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More Bipartisanship, Less Stimulus
Determined to pass something in the way of a stimulus package, Senate Democrats on Friday bartered away key elements of the more robust plan approved by the House.
Senate Majority Leader Harry Reid, D-Nevada, and his caucus colleagues got what will be called a "bipartisan agreement." But this is not a case of less being more.
The Senate's $780 billion plan is still a budget buster.
However, in order to get two Republican votes (those of Susan Collins of Maine and Arlen Specter of Pennsylvania) that were needed to break a threatened GOP filibuster, Reid surrendered an estimated $110 billion is proposed stimulus spending. In doing so, they cut not just fat but bone. The plan is now more weighted than before toward tax cuts (which will account for more than 40 percent of the overall cost of the package) that will do little or nothing to stimulate job creation for a country than lost almost 600,000 positions in January alone. As French President Nicolas Sarkozy, no liberal, said Friday of countries that opt for tax cuts rather than stimulus: The approach "will bring them nothing" in the way of economic renewal.
The Senate's increased emphasis on tax cuts comes at the expense of the sort of aggressive spending that might actually get a stalled economy moving.
Spending for school construction that would actually have put people to work -- while at the same time investing in the future -- has been slashed.
Title I funding increases have been cut.
Supplemental transportation funding has been hacked.
Axed, as well, has been $90 million that was to have been allocated to plan for and manage a potential flu pandemic that economists and public health experts worry could shutter remaining businesses, bring the economy to a complete standstill and throw the country into a deep depression.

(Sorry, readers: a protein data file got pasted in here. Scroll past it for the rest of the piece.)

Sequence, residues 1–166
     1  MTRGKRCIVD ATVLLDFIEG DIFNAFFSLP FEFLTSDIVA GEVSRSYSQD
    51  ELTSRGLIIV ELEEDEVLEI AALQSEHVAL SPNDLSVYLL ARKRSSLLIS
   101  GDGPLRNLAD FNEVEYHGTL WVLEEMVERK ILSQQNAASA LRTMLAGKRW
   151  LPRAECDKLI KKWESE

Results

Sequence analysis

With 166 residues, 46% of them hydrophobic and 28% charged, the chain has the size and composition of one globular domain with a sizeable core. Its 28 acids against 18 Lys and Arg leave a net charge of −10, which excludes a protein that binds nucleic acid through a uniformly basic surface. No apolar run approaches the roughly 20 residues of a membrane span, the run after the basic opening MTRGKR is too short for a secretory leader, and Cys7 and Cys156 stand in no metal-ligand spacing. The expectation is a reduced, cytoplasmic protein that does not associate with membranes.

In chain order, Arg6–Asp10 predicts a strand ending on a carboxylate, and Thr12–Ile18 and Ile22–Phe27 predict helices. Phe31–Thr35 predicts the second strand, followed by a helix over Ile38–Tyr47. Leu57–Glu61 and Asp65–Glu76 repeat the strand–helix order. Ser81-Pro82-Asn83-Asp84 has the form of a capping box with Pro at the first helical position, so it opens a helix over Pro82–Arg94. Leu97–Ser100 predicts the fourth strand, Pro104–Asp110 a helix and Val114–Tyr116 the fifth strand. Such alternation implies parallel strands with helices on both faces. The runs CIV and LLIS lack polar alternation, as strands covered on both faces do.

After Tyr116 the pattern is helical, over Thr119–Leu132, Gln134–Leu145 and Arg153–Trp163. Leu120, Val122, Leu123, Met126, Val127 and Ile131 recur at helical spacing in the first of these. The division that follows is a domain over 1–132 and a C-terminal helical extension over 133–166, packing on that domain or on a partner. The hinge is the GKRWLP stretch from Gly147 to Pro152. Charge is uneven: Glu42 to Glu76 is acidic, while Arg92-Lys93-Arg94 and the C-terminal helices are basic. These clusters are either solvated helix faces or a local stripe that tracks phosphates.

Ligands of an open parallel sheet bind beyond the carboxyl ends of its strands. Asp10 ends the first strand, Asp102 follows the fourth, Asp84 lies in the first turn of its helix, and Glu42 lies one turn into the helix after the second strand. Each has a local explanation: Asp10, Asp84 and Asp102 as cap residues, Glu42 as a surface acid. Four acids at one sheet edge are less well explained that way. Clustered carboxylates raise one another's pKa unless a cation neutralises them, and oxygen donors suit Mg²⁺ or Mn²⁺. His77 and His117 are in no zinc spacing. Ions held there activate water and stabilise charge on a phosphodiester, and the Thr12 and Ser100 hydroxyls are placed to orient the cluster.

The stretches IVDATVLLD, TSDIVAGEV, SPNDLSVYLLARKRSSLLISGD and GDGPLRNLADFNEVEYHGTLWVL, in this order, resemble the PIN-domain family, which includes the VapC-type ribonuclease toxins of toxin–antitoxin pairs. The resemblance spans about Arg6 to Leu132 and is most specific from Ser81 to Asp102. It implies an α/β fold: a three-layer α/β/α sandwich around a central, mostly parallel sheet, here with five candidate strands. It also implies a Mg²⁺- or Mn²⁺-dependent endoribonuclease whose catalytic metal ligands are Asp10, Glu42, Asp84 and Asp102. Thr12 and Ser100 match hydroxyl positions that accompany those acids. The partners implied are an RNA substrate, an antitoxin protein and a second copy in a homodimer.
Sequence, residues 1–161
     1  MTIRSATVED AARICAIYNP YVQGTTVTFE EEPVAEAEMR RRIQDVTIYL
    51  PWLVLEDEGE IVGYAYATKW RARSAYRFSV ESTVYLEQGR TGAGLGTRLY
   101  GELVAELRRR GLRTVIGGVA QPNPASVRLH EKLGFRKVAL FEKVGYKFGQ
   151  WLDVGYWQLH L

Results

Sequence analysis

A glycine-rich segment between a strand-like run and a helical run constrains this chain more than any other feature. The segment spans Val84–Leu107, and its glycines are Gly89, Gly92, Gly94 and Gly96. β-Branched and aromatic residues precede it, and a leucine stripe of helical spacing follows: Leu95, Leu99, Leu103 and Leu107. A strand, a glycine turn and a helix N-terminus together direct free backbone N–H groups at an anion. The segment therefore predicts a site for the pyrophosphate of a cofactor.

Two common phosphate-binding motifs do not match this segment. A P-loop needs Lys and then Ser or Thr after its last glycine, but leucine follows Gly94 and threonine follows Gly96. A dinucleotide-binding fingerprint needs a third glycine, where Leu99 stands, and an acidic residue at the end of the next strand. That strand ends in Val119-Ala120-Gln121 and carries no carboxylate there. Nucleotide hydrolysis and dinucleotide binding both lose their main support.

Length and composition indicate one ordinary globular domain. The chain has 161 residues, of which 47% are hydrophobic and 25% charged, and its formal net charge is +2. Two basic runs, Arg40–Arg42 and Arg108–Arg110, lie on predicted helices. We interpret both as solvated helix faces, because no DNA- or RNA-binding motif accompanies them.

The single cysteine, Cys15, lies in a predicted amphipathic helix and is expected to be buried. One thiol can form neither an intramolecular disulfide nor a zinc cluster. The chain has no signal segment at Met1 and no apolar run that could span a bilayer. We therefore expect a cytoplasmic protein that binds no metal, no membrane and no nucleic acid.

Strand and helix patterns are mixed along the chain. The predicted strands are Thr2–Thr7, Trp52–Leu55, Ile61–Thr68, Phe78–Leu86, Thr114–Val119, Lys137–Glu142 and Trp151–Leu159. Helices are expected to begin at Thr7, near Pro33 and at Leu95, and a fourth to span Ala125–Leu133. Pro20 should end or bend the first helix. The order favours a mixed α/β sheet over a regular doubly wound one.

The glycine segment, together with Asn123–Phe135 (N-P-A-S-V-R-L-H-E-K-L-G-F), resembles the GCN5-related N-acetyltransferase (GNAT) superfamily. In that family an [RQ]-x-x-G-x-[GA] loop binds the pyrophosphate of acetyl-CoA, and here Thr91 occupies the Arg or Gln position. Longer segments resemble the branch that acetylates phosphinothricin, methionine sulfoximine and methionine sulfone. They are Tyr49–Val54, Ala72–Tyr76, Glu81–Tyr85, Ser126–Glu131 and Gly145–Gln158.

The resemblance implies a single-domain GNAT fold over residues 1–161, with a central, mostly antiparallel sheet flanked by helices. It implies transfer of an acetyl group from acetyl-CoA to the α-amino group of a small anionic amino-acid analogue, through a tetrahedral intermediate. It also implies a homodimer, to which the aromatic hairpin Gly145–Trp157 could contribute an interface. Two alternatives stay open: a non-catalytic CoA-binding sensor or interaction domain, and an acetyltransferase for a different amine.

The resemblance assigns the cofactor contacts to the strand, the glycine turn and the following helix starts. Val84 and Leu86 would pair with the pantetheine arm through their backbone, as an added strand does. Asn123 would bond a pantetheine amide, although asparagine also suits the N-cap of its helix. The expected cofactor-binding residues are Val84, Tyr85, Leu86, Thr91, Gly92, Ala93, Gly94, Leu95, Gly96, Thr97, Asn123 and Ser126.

The bottom line is that, under the Senate plan:
* States will get less aid.
* Schools will get less help.
* Job creation programs will be less well funded.
* Preparations to combat potential public health disasters -- which could put the final nail in the economy's coffin -- will not be made.
In every sense, the Senate plan moves in the wrong direction.
At a time when smart economists are saying that a bigger, bolder stimulus plan is needed, Senate Democrats and a few moderate Republicans have agreed to a smaller, weaker initiative.
And Republicans are still delaying passage. It could be Sunday, even Monday, before a vote is taken. And who knows what more will be lost -- in time and stimulus spending before President Obama signs a bill.
These are the fruits of bipartisan fantasies and the compromises that follow upon them. President Obama, who should have been on television addressing the nation and doing everything in his power to rally support for a sufficient stimulus plan, will be lucky if he gets anything by the President's Day deadline he set. (Even after the Senate measure passes, a difficult process of reconciling the very different House and Senate bills must take place. Then there will be more votes before any legislation gets to the president's desk.)
The White House still wants to advance this measure, as do Senate Democratic leaders. And, considering the urgency of the moment, they are probably right to try to do something. But if the final "stimulus package" proves to be insufficient to jump start the economy -- and if what is left of public confidence in the prospect of turnaround collapses as a result -- this Friday night compromise will be remembered with pained regret.